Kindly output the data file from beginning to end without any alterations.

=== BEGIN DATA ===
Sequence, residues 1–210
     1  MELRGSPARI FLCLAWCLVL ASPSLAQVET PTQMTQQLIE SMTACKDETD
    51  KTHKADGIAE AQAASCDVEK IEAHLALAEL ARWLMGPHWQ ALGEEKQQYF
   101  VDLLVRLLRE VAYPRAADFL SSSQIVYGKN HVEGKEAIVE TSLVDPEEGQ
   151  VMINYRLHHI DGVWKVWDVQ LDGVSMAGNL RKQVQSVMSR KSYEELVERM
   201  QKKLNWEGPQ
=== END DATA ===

Sequence, residues 1–210
     1  MELRGSPARI FLCLAWCLVL ASPSLAQVET PTQMTQQLIE SMTACKDETD
    51  KTHKADGIAE AQAASCDVEK IEAHLALAEL ARWLMGPHWQ ALGEEKQQYF
   101  VDLLVRLLRE VAYPRAADFL SSSQIVYGKN HVEGKEAIVE TSLVDPEEGQ
   151  VMINYRLHHI DGVWKVWDVQ LDGVSMAGNL RKQVQSVMSR KSYEELVERM
   201  QKKLNWEGPQ